Some system traders still think that they are merely reacting to markets and that they don’t predict markets. In reality, what they really believe is that they cannot predict markets better then their systems. But, there is a strong hint to determine whether or not a system developer truly believes that they don’t predict markets.
Let’s imagine, I flip a fair coin and have a certain betting strategy that I will use. Because I know I’m not predicting anything then I will never change my betting strategy no matter how many losses I incur. And, this is where the hint comes in: if a system developer truly believes they do not predict markets then they would not apply any sort of equity curve control process.
As most system developers will apply some sort of equity curve control then in essence they are predicting markets. Remember, I stated that predicting markets provided a loophole around the theory of efficient markets because it allows for profiting non systematically. In other words, it is more likely that I can profit from trends some of the time then trying to trade every single trend. System developers who can identify more quickly the types of systems that are working in today’s markets, deploy them, and shut them off before they give back all their profits are, also, in a similar way able to exploit a loophole in efficient markets. Because whatever they are doing is not long term consistently profitable then they are taking some unknown measure of risk to achieve the super normal return. The difference is the execution is purely defined and statistical. There need be no “feeling” of prediction. There is only one type of prediction allowed: a prediction based on the past.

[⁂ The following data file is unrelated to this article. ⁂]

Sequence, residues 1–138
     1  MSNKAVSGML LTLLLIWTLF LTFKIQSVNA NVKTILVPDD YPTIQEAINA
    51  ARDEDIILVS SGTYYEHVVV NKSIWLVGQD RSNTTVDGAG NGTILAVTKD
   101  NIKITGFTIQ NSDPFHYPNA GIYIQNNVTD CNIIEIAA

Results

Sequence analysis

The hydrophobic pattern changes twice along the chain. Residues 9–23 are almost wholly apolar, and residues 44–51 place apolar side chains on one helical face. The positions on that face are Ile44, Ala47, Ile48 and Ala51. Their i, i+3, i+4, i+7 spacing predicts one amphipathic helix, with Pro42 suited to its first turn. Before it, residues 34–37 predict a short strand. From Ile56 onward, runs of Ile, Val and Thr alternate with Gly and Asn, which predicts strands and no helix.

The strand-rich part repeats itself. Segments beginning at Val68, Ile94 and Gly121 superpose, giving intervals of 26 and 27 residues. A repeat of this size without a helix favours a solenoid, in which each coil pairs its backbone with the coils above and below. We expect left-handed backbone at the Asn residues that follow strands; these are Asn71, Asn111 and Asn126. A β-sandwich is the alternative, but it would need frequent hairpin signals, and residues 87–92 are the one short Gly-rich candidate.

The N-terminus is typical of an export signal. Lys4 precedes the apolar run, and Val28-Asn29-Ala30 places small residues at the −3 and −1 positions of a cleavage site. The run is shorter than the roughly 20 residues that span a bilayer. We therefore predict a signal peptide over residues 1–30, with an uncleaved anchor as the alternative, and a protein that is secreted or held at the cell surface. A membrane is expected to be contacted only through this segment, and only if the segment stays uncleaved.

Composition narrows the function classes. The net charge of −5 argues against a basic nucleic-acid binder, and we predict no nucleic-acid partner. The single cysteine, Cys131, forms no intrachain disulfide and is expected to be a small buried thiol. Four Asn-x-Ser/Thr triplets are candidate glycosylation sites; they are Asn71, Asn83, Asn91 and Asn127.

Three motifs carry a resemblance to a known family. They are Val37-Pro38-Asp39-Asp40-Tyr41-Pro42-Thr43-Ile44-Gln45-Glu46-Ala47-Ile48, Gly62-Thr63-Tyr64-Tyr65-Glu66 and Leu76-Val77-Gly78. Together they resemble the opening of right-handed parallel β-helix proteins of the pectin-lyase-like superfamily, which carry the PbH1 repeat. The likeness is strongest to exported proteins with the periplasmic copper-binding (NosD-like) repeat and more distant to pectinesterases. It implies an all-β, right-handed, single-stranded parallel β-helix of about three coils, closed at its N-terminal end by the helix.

In any regards, regardless of how one feels about it: your profits are going to be the function of your accuracy in predicting markets. Are there any exceptions? There are, of course, always a couple exceptions: automated traders who profit primarily from the spread or those trading arbitrage opportunities can profit and do not need to predict the market. However, systematic traders, directional traders, and even many sorts of options strategies need to predict some aspect of the market better then chance to make a profit, and that could be direction, expectation, winning percentage, or some aspect of volatility.
Curtis is passionate about markets. He has developed top ranked futures strategies. His core focus is (1) applying machine learning and developing systematic strategies, and (2) solving the toughest problems of discretionary trading by applying quantitative tools, machine learning, and performance discipline. You can contact him at firstname.lastname@example.org.
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